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Surface and Interface Chemistry

Thermodynamics of Surfaces
(LG and LL Interfaces)
Valentim M. B. Nunes
Engineering Unit of IPT
2014
Adsorption in liquid surfaces
Certain materials, such as fatty acids or alcohols, are soluble in
water or in (e.g.) hydrocarbons. The nonpolar part is responsible
for the solubility in "oil" and the polar part (-OH or -COOH) by
solubility in water (Intermolecular forces).
C2H5COOH
C3H7COOH
C4H9COOH
Hydrophilic part
Hydrophobic part
Adsorption of molecules occurs (surfactants) in water-oil or
water-air interfaces.
ar
The solutes that decrease the surface tension of a solvent are
positively adsorbed in the interface, and the surface layers are
enriched of solute.
The solutes that increase surface tension tend to stay within the
solution (e.g. Ionic salts) and are adsorbed negatively in the
interface.
The adsorption on solutions does not conduct in general to more
than monolayers. The molecules that have a pronounced effect
on surface tension are designated surfactants or surfactants.
If the surface tension between two liquids is sufficiently reduced
by the addition of surfactants it may form micro emulsions.
GIBBS ADSORPTION ISOTHERM.
The thermodynamic treatment of
Gibbs allows the estimation of the
adsorption on a liquid surface from
the surface tension.
Since the interface is a material
system, with a given volume, they
thermodynamic properties can be
calculated.
Let us consider a binary mixture containing ni moles of each
component, and two homogeneous phases α and β, separated
by an arbitrarily located interface.



ni
i 
A

Surface excess concentration.
From the laws of Thermodynamics:
U   TS   pV   A   i ni
i
dU   TdS   S  dT  pdV   V  dp  dA  Ad   i dni   ni di
i
The combination of the 1st and 2nd laws gives:
dU   TdS   pdV   dA   i dni
i
S  dT  V  dp  Ad   ni di  0
i
i
At constant p and T, we have:
ni
d   di   i di
A
For a binary mixture (solvent + solute):
d  Ad A  B dB
Considering A = 0,
d  B dB
Introducing the chemical potential,
 B    RT ln aB
d B  RTd ln aB

B
We finally obtain:
And for dilute solutions:
1 
B  
RT  ln aB
cB 
B  
RT cB
Gibbs Isotherm
cB 
B  
RT cB
1
AB 
B ,máx  N A
Monolayers
Pockels and Rayleigh (1899): some poorly soluble substances
spread on the surface to form films with thickness of a molecule
 monolayers
This superficial film causes a lowering of the surface tension. It is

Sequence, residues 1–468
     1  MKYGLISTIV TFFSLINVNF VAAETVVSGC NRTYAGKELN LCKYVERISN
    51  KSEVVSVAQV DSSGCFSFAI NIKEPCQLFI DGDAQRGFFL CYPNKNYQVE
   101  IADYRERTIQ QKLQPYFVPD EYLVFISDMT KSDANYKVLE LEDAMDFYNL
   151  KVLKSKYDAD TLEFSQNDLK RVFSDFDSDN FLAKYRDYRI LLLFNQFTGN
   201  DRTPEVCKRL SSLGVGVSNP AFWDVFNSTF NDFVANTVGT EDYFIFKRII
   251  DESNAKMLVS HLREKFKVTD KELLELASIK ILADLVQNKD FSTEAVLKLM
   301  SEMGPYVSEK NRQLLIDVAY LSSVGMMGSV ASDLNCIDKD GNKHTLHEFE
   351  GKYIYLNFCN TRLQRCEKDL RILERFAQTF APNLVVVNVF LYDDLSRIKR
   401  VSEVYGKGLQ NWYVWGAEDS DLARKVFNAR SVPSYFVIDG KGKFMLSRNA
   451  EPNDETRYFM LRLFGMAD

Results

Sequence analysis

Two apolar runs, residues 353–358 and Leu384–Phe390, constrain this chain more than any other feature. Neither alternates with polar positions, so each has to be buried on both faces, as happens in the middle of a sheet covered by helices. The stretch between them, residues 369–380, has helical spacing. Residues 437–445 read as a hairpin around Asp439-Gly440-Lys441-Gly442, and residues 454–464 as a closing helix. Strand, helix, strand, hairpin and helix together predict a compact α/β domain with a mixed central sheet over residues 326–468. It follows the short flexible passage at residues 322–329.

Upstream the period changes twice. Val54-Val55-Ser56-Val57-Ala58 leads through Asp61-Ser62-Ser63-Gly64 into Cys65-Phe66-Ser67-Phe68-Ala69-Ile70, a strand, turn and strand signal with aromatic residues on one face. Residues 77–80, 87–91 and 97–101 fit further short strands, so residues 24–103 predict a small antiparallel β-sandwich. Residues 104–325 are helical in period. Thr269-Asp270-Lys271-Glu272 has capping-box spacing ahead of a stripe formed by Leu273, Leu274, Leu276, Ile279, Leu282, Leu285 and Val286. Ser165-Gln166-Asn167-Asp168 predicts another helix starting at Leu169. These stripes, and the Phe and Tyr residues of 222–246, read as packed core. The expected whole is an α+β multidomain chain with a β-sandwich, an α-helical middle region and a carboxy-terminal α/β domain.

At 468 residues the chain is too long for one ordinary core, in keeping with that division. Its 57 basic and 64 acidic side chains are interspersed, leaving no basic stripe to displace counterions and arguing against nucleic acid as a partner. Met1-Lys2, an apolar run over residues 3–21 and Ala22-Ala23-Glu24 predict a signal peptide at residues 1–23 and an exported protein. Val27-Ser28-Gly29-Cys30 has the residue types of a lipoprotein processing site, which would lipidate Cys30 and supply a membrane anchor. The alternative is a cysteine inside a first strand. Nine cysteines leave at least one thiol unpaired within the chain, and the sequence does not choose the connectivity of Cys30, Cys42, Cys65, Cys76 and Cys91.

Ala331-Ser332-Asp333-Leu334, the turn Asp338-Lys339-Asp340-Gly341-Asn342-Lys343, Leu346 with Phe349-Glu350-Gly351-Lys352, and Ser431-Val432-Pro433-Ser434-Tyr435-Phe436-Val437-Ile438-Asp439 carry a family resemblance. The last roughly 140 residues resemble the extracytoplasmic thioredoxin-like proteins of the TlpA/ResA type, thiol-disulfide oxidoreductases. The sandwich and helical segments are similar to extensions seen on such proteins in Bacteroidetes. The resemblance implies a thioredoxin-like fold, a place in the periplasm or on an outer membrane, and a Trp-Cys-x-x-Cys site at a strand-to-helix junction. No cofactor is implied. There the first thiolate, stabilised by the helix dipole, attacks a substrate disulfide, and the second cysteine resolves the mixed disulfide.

determined by measuring the force, f, exerted in a calculated
barrier to separate the region with film of the pure liquid.
gas
liquid + film
liquid
f      
0
Considering now,
    kc
0
kc   


RT
RT
0
Designating the difference of surface tensions 0 -  by superficial
pressure, , so that  = 0 - , we obtain:
ni


A RT
Rearranging:
A  ni RT
Dividing both members of equation by the Avogadro constant:
Am  k BT
The isothermal for the monolayer has the meaning of an
equation of state (note the similarity to the equation of State of a
perfect gas: pV = nRT)
The type of isotherms (,Am) depends on the compounds
structure.
Materials with large surface
activity tend to form micelles.
The concentration from which
the micelles are formed is called
critical micelle concentration
(c.m.c.)


~0
c
c.m.c.
concentration
Surfactants forming micelles exhibit a solubility increase above a
certain temperature – kraft point. This is due to the high
solubility of the micelles. At temperatures below kraft point, the
solubility of the surfactant is insufficient to form micelles.
Kraft points for sodium alkyl sulfates
Nº de átomos de carbono
10
12
14
16
18
Temperatura kraft / ºC
8
16
30
45
56
Spreading
The work or energy of adhesion between two immiscible liquids
is equal to the work necessary to separate a unit area of the
liquid/liquid interface. By the Dupré equation:
Wa         
For the cohesion work:
Wc  2 
Let us consider a drop of oil over water:
AW
OA
oil
air
water
OW
We define the initial spreading coefficient in the following way:
S   WA   OA   OW 
The spreading occurs if S  0. Replacing in the Dupré equation
we obtain:
S  WOW  Wóleo
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